In its latest damage-control move, scandal-plagued NBC News says it will release former staffers from nondisclosure agreements if they want to speak up about sexual harassment at the network.
MSNBC host Rachel Maddow made the announcement on her show late Friday, citing an NBCUniversal spokesperson who said that “any former NBC News employee who believes that they cannot disclose their experience with sexual harassment” due to a confidentiality provision in their separation agreement “should contact NBCUniversal” to be released “from that perceived obligation.”
The announcement was widely seen as a response to new allegations made against the network in former NBC correspondent Ronan Farrow’s new book, Catch and Kill. In the book, the investigative journalist portrays top NBC executives as playing down a rape allegation against former Today host Matt Lauer and caving to pressure from Harvey Weinstein to quash an expose on decades of sexual misconduct claims.
But the NDA release may not mollify the rank-and-file, some of whom have expressed disgust with NBC’s handling of the Lauer and Weinstein situations by NBC News Chairman Andy Lack and news division President Noah Oppenheim.
One senior NBC News employee, who asked to remain anonymous for fear of retaliation, told The Daily Beast after Maddow’s show aired that management’s offer was “a cynical attempt to shut the story down.”
“We are all still pissed about how Noah and Andy have handled this. There has been no accountability,” the employee said.
Maddow herself alluded to the uproar inside 30 Rock, saying, “It would be impossible for me to overstate the amount of consternation inside this building.”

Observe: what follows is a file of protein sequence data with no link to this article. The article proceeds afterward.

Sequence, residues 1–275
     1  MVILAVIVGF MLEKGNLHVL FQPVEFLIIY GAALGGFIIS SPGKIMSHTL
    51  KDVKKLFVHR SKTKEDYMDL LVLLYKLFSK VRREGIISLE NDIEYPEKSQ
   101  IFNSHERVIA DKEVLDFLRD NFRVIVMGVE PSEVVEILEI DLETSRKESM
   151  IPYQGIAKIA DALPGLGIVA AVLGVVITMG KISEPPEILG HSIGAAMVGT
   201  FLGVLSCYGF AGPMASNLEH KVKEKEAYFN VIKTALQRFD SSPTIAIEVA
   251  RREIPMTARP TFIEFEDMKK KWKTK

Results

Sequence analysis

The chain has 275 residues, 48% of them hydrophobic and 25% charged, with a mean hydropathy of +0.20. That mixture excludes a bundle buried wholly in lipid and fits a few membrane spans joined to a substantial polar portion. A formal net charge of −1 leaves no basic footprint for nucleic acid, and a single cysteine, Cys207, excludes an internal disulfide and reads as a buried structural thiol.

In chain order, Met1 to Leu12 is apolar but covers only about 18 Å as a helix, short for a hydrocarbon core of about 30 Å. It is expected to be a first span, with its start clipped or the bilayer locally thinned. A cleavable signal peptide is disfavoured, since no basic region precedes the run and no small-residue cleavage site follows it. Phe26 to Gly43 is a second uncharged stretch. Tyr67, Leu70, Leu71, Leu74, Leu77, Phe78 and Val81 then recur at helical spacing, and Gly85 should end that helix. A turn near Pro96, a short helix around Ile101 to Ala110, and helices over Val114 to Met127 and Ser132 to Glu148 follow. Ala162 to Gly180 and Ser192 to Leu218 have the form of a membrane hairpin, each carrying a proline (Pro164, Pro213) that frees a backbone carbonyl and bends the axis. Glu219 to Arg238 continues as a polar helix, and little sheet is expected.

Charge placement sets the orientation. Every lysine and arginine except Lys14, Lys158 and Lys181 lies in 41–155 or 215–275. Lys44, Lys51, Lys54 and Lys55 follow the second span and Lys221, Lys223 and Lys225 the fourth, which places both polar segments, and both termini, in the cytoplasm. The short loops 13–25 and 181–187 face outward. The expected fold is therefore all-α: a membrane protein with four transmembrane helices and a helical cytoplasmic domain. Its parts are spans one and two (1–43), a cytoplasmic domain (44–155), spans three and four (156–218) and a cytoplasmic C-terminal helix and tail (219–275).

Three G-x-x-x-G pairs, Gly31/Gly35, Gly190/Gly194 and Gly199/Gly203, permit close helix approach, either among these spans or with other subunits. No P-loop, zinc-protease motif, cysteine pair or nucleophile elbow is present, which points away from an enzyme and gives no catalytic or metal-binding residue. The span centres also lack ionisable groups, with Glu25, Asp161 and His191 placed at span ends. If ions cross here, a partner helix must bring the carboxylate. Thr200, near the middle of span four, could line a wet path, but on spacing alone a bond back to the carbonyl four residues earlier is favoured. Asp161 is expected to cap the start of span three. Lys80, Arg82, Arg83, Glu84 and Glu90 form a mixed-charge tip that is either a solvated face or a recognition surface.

Ari Wilkenfeld, a civil rights attorney who has represented a number of former NBCUniversal employees, was underwhelmed by the network’s statement.
“The language is vague and intimidating. Given the company’s conduct to date, I’m not sure how many people are going to feel comfortable reporting to NBC and asking permission to tell their stories,” he said. “We’ll have to wait and see if NBC is truly interested in reconciling with its past and present problems.”
The nonprofit group Silence Breakers Alliance, which works to root out sexual harassment in the workplace, said the network’s statement was “not enough.”
“The company should not make any former employee, specifically women, go begging on their hands and knees back to NBC to be released from an NDA. Women have already been through hell with this company. Instead, here’s what NBC should do: issue a blanket statement simply releasing from NDA’s all current and former NBC News / MSNBC employees who have information regarding sexual misconduct, retaliation, silencing or coverups. Because it’s not just the harassment, it’s everything management does to enable perpetrators and harm victims,” a spokesperson told The Daily Beast.
A growing chorus of former NBC staffers have publicly criticized the network—mostly anonymously—over allegations made in Farrow's new book, with many questioning why the network didn’t order up an outside investigation into Lauer.
When Lauer was fired in 2017, Lack said he was canned in response to the “first complaint about his behavior in the over 20 years” he worked at the network. But Farrow has alleged the network knew of multiple allegations against Lauer before action was taken, with “multiple secret settlements and nondisclosures” used to keep the allegations under wraps.
NBC News has pushed back against Farrow’s claims, with Oppenheim sending a memo to staff accusing the Pulitzer winner of an “effort to defame” the network.
“It is built on a series of distortions, confused timelines, and outright inaccuracies,” Oppenheim said earlier this month.
NBCUniversal said in a statement late Friday that it has “two agreements with women relating to complaints of sexual harassment by Lauer – both entered into after his termination – and both women are free to tell their stories about Lauer.”